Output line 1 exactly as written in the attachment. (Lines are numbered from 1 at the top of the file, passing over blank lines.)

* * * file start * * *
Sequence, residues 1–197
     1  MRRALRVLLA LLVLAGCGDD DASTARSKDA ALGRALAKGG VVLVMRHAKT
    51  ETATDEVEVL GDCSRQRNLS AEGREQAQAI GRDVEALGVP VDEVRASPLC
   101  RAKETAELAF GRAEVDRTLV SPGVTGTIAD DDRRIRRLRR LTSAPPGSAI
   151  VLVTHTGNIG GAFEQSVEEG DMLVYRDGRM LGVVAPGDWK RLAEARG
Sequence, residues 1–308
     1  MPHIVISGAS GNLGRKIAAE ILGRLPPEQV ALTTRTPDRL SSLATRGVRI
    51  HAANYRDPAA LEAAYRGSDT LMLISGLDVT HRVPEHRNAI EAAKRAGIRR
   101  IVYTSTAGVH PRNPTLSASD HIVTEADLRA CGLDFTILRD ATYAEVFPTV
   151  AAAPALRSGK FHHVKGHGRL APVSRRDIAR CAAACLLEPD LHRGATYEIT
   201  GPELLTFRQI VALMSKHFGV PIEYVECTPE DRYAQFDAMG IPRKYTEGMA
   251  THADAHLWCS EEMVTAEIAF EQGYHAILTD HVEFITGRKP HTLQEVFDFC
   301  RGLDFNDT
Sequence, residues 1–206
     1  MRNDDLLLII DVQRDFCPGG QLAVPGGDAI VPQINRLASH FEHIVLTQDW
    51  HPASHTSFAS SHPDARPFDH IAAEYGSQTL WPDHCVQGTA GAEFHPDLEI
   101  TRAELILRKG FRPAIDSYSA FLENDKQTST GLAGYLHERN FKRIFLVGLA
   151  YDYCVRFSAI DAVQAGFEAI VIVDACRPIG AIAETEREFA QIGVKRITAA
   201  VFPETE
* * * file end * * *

Sequence, residues 1–197